Open up dialogue

Jemal, a young supporter of the Muslim Association of Britain, spoke at the Stop the War Coalition conference against the AWL's call to sever relations with his group. Mark Fischer spoke to him afterwards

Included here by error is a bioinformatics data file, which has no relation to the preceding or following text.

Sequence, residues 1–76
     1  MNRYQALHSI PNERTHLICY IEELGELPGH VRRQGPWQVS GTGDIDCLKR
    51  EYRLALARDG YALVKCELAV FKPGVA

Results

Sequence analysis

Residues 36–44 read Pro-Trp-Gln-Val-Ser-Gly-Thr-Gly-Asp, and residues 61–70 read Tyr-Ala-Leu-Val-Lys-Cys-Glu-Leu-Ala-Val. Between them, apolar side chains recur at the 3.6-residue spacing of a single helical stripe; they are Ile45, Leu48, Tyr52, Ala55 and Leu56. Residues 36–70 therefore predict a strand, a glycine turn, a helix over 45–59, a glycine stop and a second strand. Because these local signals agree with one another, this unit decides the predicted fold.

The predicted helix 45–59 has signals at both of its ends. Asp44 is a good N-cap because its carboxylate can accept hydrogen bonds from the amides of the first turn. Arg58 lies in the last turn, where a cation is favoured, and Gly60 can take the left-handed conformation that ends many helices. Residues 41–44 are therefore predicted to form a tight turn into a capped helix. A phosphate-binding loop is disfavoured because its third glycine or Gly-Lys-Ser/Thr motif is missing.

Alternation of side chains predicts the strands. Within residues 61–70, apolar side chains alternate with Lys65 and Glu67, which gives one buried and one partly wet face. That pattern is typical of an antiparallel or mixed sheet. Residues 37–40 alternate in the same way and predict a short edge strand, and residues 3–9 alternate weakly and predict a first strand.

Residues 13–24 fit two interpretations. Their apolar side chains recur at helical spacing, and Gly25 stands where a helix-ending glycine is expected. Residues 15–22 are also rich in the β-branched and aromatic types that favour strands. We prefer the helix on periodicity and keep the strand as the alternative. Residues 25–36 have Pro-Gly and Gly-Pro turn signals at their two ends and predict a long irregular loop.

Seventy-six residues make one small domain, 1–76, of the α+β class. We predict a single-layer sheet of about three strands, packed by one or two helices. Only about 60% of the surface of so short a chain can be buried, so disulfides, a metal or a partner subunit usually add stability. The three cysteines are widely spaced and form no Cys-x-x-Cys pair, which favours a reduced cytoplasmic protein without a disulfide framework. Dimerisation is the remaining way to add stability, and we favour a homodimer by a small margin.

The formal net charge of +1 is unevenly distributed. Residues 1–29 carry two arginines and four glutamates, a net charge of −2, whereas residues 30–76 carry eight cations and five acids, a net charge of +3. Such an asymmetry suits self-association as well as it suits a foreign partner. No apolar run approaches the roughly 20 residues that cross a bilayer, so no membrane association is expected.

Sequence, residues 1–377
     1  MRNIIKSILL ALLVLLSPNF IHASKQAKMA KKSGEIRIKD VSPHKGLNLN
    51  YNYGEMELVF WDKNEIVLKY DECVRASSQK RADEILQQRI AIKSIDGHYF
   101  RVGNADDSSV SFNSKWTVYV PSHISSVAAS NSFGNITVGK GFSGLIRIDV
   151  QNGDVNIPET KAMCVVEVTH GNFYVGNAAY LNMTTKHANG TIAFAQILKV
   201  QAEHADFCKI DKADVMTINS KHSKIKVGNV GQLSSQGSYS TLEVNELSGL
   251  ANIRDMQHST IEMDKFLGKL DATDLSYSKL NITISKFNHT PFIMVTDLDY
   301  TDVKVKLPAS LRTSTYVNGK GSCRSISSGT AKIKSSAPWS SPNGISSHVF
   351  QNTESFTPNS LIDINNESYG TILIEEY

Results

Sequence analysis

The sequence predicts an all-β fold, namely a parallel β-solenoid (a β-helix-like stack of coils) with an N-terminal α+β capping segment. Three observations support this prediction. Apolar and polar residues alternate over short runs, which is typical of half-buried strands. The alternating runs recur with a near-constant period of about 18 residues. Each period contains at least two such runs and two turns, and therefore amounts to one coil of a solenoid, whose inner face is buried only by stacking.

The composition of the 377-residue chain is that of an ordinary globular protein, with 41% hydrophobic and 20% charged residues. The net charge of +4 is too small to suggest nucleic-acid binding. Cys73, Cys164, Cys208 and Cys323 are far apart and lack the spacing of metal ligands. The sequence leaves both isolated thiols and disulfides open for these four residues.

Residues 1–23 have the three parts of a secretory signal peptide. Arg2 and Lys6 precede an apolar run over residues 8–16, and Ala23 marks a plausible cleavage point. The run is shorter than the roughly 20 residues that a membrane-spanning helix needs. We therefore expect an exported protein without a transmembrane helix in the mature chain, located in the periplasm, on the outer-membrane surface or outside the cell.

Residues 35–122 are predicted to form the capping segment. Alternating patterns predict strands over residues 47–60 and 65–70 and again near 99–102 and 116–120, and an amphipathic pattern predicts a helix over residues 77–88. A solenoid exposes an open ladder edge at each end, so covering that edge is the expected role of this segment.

I think it's fair to say that the audience found the first half of your speech less controversial than the second. Could you clarify your attitude to attacks on civilians and islamic terrorist groups? Our religion clearly states that you cannot kill women, you mustn't kill old men and children. We can only fight on a battlefield - you can't target civilians. But these laws were formed at a time when armies would fight, face to face, on a battlefield. Today, we have the same general attitude, although things have changed, obviously. The atrocities you are talking about have nothing to do with our organisation. We have no links and no sympathy with the people and organisations that carried these actions out. We have never supported such attacks; we condemned September 11 outright - no question. We were even invited to the US embassy to have lunch with the ambassador in the aftermath of the attacks in America. In Mombasa, there was a different situation. Money comes into the Israeli state from three sources - first, American subsidies; second, tourism; third, exports of, for example, food grown on illegally occupied Palestinian land. If you are a Palestinian, you have a duty to actively resist the Israeli state. We don't condemn attacks like Mombasa, but at the same time we don't actively support them - the reason for this is if we condemn them, we are condemning the right of the Palestinian people to resist. For example, there has never been an attack on a school or a synagogue. But in Palestine, schools have been bombed, mosques bombed "¦ But Hezbollah militants have got on school buses and detonated suicide bombs. OK, there have been three instances when the British media have reported that 'school buses' have been blown up. Actually, on one of these there were eight children; on the other two, six children. But a bus capacity is about 50 people "¦ And who were these other people? These other people were normal people - or rather, what we see in Britain as 'normal people'. In Israel, the idea of a 'normal person' is more difficult. For everyone in Israel - man or woman above the age of 18 - it is law that you must have three years' military training. Where I come from, this doesn't mean much. You have three years training: that's it. In Israel, they will be called up every month to go in for a weekend of training and they carry their weapons around - they don't give them back: they keep them at home. They parade through the streets with their guns and grenades. So if we kill someone who is an accountant, he is not an innocent person. First, he is in a land that does not belong to him. Second, he is a soldier. Whether he is in a uniform or not is irrelevant. If I killed someone from Mossad, just because he's out of uniform doesn't mean he's a civilian. Outside Palestine we generally condemn such attacks - September 11 was in no way a battlefield, for example. But Mombasa we cannot condemn, because if we condemn it we risk condemning the right of resistance of the Palestinian people altogether. But what about the position of ordinary working class Israeli people? Conscription exists. They have no choice but to be soldiers. OK, here's an analogy. I take over your house. You are reduced to living in a corner of the house. I walk in, day in, day out, I don't do anything else. But does that make me an 'ordinary person'? A 'normal' accountant or a 'normal' civil servant? Just because I am not wearing an army uniform? Israeli civilians are not civilians. They are in a land that does not belong to them. But you can apply the same logic all the way around the world. Look at America. As it was formed, the indigenous people were suppressed and actually annihilated. Are all Americans legitimate military targets? This is a very different situation. First, the indigenous peoples were not living all over America; they were geographically concentrated in very specific areas in a huge land mass. Second, we have condemned what the white settlers did. But there are only tiny levels of resistance to this. The indigenous peoples have been wiped out. Palestine is totally different. It was systematically planned, unlike America. And this is not just history. This is happening right now, in front of our eyes. So where should the Israeli jews go? First, there must be the right to return for all displaced Palestinians "¦ You think most will want to return? We don't force anybody, but they have the right. If they don't want to go, fair enough. But I personally believe that the majority will want to. Then, if a Palestinian comes back and sees an Israeli-Zionist living in his house, it is still the Palestinian's house - so he will have to find somewhere else to go. There are many options. For example, Sharon is originally Latvian. Netanyahu is originally Russian. They can either go back to these countries, or they can live and have citizenship in a Palestinian country. We have never, ever said there should not be a jewish homeland. But why should there be a jewish state at the expense of another people? Their homeland will be within our state. For example, 12% of the Israeli population are Coptic christians. January 7 is when they celebrate Christmas - and it's a national holiday in Israel! They have full rights, despite the fact that they are a minority. (This is a big contrast with the attitude of the Egyptian state to the Muslim Brotherhood!) We say that the people who now live in Israel should leave or stay and live side by side with us and not try to deny rights to other people. OK, so you are aiming to create some sort of theocratic/islamic state in Palestine? Yes. Since 1650 AD, it was a muslim state. The majority of the people living there are muslim. However, look at Andalusia. It was under the muslims for 700 years. The christians and jews lived side by side with us. When the crusaders came to Palestine, the muslims and the jews fought against them together. Under a muslim state, the christian has full rights. They have the right to vote, to organise their churches and Sunday schools, etc. However, because the majority of the population are muslim, that means a muslim state. We see no genuine muslim states in the world today - Saudi Arabia and places like that profess to be muslim states, but this is untrue. As the Muslim Brotherhood, we have never seen a muslim state. For 200 years now, there has not been a genuine muslim state. A muslim state would give rights to every religion - even to the secularists and the atheists. They all have rights. But if the majority are muslim, it follows that they should have sovereignty in the state. As a communist and a democrat, I am against religious states, whatever religion we are talking about. OK, you talk about protecting the rights of all in your state. But surely, if your religion, for example, denies certain rights to women, or proscribes homosexuality, then by definition it must be a repressive state. Women's rights have never been a problem in the islamic religion. A woman got the right to vote in islam 1,450 years ago; she only got that right in Britain in the 20th century. With us, women got the right to inheritance 1,450 years ago; in this country, only in the late 1800s. The right to divorce, the right to accept or refuse a marriage: all these exist in islam. These rights have all been given to women - no, actually not 'given'. They are a woman's rights. They have a right to these things: to education, to their own lives. For example, one of the foremost leaders of the Muslim Brotherhood was a woman. We have never questioned women's rights or their abilities. On homosexuality, I speak personally. As long as it is not propagated, people should be free to make their own choices. By the same token, heterosexuality should not be propagated. We see sex everywhere, on every billboard. This is wrong. Whether homosexual or heterosexual, it should remain a private matter. By making it a public thing, sex in general is animalised. Lastly, is the MAB growing? And has co-sponsoring events such as the forthcoming February 15 anti-war demonstrations with secular 'lefties' caused any dissent in your ranks? Officially, we emerged in the mid-1990s. Every single muslim organisation in Britain - apart from three - was set up under the influence of the ideology of the Muslim Brotherhood. We have gone from strength to strength. Working with the 'lefties' - as you call yourself! - is a manifestation of our attitude to our religion. We are not isolationists. We work with anyone, religious or not. We deal with people as human beings - just as we expect them to deal with us. Working with the Stop the War Coalition gave us great pride. It was a chance to show people that we are real human beings, to get rid of some of the stereotypes that we are rightwing or reactionary. We are willing to work with everyone, whatever our criticisms of them, whatever their criticisms of us. It is about time we started to open up a true dialogue, instead of either ignoring each other or having false ideas about each other's beliefs.